Course:  Basic Concepts in Social Sciences-I I(5638) Semester: Autumn, 2022                                         

Question no.5

Explain, how the West and Islam see sovereignty.

The concept of sovereignty, which refers to the supreme authority of a state to govern itself and make decisions within its own territory, is viewed differently by the West and the Islamic world.

In the Western tradition, sovereignty is generally understood as being vested in the state and its institutions, with the state acting as the ultimate authority in matters of law, politics, and governance. This view of sovereignty emerged in the aftermath of the Thirty Years’ War in Europe, which saw the emergence of the modern nation-state system and the idea of the state as a sovereign entity with a monopoly on the use of force within its borders. This view of sovereignty emphasizes the importance of national identity and territorial integrity, and places a strong emphasis on individual rights and freedoms.

In the Islamic world, sovereignty is often seen as being ultimately vested in God, rather than in the state or its institutions. This view is based on the idea that God is the ultimate source of authority and that all human actions, including those of the state, must be guided by religious principles. While the Islamic concept of sovereignty does recognize the importance of the state and its institutions, it places greater emphasis on the role of religion and the Islamic community (ummah) in shaping political and social life.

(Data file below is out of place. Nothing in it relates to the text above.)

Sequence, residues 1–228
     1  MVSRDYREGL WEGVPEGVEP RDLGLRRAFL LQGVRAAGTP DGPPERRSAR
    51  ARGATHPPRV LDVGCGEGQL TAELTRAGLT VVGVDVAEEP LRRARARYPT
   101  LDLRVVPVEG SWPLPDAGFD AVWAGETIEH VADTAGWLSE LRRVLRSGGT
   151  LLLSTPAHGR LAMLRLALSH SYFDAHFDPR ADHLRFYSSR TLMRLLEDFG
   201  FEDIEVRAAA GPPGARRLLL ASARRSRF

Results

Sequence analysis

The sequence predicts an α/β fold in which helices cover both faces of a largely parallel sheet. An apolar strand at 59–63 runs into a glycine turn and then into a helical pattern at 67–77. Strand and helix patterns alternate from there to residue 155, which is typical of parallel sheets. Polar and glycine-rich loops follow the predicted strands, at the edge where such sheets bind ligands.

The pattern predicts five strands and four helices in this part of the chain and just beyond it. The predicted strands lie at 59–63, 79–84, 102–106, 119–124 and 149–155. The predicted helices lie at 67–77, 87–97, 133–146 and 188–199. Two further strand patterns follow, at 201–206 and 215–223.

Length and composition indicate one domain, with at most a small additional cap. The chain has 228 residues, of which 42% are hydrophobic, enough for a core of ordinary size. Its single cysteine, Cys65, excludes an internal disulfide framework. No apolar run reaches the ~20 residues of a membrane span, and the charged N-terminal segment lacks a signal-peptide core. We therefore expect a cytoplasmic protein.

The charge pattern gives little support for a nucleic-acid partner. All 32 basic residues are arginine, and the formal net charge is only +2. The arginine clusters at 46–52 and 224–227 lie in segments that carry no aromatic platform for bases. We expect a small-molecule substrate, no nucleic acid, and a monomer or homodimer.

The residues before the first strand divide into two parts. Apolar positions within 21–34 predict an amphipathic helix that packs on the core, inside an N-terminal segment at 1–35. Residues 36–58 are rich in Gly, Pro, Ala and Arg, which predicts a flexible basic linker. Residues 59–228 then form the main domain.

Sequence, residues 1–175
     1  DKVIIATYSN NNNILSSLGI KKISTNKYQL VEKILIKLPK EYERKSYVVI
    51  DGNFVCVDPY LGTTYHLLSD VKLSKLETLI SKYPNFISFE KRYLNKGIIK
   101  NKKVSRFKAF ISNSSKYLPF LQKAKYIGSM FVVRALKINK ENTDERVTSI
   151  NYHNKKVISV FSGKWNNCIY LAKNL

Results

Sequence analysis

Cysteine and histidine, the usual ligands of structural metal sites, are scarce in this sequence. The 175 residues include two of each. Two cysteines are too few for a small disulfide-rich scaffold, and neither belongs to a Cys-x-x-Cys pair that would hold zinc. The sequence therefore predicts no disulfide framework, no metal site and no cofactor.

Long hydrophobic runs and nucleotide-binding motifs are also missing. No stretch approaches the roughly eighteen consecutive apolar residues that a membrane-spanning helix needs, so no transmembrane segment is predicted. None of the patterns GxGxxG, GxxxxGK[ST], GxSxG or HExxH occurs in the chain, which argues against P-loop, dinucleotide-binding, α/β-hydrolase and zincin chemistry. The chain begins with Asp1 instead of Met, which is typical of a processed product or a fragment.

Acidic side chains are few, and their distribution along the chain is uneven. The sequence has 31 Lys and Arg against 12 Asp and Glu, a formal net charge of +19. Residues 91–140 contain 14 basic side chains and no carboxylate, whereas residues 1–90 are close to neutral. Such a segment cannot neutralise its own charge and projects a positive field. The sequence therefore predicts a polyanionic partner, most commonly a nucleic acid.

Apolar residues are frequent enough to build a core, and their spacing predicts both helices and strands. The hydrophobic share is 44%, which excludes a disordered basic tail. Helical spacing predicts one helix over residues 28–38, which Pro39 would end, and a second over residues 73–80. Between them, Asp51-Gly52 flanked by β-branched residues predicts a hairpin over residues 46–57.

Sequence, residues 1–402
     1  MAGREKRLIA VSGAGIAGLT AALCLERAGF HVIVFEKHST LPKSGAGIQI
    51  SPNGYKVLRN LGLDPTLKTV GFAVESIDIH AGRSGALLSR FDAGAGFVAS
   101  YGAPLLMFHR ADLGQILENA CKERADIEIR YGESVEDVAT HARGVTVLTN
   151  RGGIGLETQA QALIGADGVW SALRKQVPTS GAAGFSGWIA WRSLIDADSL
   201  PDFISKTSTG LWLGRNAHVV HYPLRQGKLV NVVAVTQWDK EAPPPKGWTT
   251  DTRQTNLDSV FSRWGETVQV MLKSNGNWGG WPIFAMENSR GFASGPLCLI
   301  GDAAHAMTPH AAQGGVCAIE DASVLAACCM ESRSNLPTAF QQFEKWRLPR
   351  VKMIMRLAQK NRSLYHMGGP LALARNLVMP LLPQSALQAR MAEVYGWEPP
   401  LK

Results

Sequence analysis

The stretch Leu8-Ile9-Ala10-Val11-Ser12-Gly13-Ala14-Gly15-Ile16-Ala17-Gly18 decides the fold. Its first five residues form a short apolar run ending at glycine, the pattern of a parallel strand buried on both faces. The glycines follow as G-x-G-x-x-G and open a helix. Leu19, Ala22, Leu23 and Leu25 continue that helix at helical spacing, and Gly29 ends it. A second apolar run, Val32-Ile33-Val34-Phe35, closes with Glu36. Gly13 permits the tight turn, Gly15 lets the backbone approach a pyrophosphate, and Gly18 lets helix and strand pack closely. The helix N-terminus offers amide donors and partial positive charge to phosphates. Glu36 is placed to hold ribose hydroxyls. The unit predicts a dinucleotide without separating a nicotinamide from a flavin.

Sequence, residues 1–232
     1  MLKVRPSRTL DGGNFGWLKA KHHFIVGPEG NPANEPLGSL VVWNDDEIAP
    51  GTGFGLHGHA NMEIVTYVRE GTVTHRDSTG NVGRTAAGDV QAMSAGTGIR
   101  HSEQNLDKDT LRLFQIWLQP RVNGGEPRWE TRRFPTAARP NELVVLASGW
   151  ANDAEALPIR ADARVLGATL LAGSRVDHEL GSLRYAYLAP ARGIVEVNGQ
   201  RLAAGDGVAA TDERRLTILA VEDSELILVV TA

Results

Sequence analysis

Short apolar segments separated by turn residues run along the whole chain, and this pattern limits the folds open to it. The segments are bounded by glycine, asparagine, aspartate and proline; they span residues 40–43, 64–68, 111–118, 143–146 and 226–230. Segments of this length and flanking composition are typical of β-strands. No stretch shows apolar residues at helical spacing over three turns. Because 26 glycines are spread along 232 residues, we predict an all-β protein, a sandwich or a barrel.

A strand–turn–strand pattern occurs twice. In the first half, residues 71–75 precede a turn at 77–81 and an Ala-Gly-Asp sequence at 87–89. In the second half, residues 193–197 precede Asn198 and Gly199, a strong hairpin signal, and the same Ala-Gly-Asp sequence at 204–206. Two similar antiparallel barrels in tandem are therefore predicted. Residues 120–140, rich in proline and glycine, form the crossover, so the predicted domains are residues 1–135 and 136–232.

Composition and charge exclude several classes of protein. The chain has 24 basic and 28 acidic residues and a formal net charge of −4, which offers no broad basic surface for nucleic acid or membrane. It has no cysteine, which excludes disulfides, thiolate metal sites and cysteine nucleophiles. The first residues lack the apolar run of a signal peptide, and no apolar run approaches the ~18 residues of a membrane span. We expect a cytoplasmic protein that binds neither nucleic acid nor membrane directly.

These differing views of sovereignty have significant implications for political and diplomatic relations between the West and the Islamic world. While the West tends to view sovereignty as an absolute and inviolable principle, Islamic countries often see it as a means to promote greater religious and cultural identity, which can sometimes conflict with Western ideas of individual rights and freedoms.

Leave a Comment

Your email address will not be published. Required fields are marked *

Scroll to Top